PROUD qualitative findings: PrEP’s impact on sexual behaviour

Krishen Samuel
Published: 13 November 2018

Qualitative data from the PROUD study revealed that pre-exposure prophylaxis (PrEP) is an important added prevention tool to strategies already in place for men in England having frequent condomless sex, according to a recent article in AIDS and Behavior.

While approximately half of the participants indicated that they had made changes to other risk reduction strategies after starting PrEP, the other half did not alter their behaviours. In the context of sexualised drug use, online sex apps and changing social norms around sex, the authors assert that PrEP offers an important additional preventative option that can be tailored to the changing needs of men who have sex with men (MSM).

Results from the PROUD trial, published in The Lancet in 2015, indicated that PrEP reduced HIV acquisition by 86%, with no infections among participants taking PrEP at the likely time of exposure. The PROUD trial details and findings can be viewed here.  

In the main trial analysis, although a larger proportion of those allocated to the immediate arm reported receptive condomless sex than those in the deferred arm, there was no statistically significant increase in STIs for those taking PrEP versus those not taking it. The conclusion from the trial was that PrEP is a highly effective tool for preventing new HIV infections and does not necessarily contribute to an increase of other STIs.

For the qualitative component of PROUD, purposive sampling identified a subset of 41 trial participants for in-depth interviews from February 2014 to January 2016. Participants were selected based on trial arm allocation (immediate or deferred), changes in self-reported risk behaviour (high risk or low/medium risk) and self-reported adherence for those in the immediate arm (high or low). Areas explored included sexual risk behaviour as well as perceptions, experiences and usage of PrEP.

By the time of the interview, 33 people were or had been using PrEP: either as a result of the trial or from other sources. Average time using PrEP was 14.3 months, with high adherence. Participants mainly came from London clinics, with some from Sheffield, Manchester and Brighton. Median age was 37.4, the majority were white and university educated. Nearly half the men reported contracting an STI in the previous year, with a median number of 10 anal sex partners. The majority (90%) had had receptive anal sex without a condom in the last 90 days.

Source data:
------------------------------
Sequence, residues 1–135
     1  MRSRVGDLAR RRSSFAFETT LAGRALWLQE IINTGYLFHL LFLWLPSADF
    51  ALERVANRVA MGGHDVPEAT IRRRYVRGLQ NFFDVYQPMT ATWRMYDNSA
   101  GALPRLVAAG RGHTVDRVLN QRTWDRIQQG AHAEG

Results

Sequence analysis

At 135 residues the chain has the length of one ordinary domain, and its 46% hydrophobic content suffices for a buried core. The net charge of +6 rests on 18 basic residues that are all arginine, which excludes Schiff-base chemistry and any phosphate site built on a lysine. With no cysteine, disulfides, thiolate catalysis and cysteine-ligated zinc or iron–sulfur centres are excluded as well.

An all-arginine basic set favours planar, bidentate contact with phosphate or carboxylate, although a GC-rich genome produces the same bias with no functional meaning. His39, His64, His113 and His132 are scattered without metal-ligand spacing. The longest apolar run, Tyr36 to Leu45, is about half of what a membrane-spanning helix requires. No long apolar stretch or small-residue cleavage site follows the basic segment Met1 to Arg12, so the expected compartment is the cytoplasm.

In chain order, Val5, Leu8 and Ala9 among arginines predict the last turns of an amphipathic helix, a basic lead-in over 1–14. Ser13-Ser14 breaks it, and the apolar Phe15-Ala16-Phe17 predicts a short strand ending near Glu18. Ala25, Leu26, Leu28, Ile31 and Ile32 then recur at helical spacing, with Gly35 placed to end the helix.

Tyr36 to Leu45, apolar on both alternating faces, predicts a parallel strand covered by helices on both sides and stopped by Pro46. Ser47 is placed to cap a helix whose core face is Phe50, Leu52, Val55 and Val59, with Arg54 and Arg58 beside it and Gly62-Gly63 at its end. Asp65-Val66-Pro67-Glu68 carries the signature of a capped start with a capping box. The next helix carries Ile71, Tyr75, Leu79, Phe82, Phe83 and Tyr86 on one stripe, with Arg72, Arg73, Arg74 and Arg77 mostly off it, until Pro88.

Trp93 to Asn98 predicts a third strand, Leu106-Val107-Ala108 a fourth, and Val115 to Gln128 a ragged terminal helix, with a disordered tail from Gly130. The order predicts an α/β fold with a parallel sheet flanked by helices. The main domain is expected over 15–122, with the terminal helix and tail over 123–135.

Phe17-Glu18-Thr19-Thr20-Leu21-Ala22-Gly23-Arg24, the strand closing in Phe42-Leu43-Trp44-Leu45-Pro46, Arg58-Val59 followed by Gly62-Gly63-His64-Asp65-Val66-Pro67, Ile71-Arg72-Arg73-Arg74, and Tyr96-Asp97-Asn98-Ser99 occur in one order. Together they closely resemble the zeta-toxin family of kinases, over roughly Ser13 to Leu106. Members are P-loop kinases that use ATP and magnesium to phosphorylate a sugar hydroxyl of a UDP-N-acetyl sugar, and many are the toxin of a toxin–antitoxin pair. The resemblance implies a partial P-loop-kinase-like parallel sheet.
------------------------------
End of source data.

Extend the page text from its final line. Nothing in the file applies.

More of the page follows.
Fluctuating patterns of sexual behaviour

Many participants described fluctuating patterns of sexual risk taking over time. This was influenced by various personal factors (such as age, stage of life, relationship status, engaging in chemsex or not, depression and so forth), with PrEP not necessarily playing the main role. In certain instances, there were unexpected decreases in sexual risk-taking after starting PrEP:

“At first, I think I stopped having sex, I can’t quite explain that. When I first started taking PrEP it was a couple of months before I really had anything penetrative… it might be coincidence… I think part of it was being a bit over aware of my behaviour and whether it was going to change.” (Immediate, high adherence, high risk, London, aged 40-44)

Some participants reported increases in risk-taking when they initially started PrEP, but these dissipated over time:

“It all spiked and then suddenly it tailed off, I had this relationship and it’s not really spiked back up since.” (Deferred, high risk, out of London, 20-24).

As with the quote above, relationship status played an important role when it came to fluctuating risk-taking behaviour. For most participants, PrEP represented a temporary risk-reduction strategy during periods of higher-risk behaviour. However, for some, it provided a release from the need to use condoms and was perceived as sexual freedom: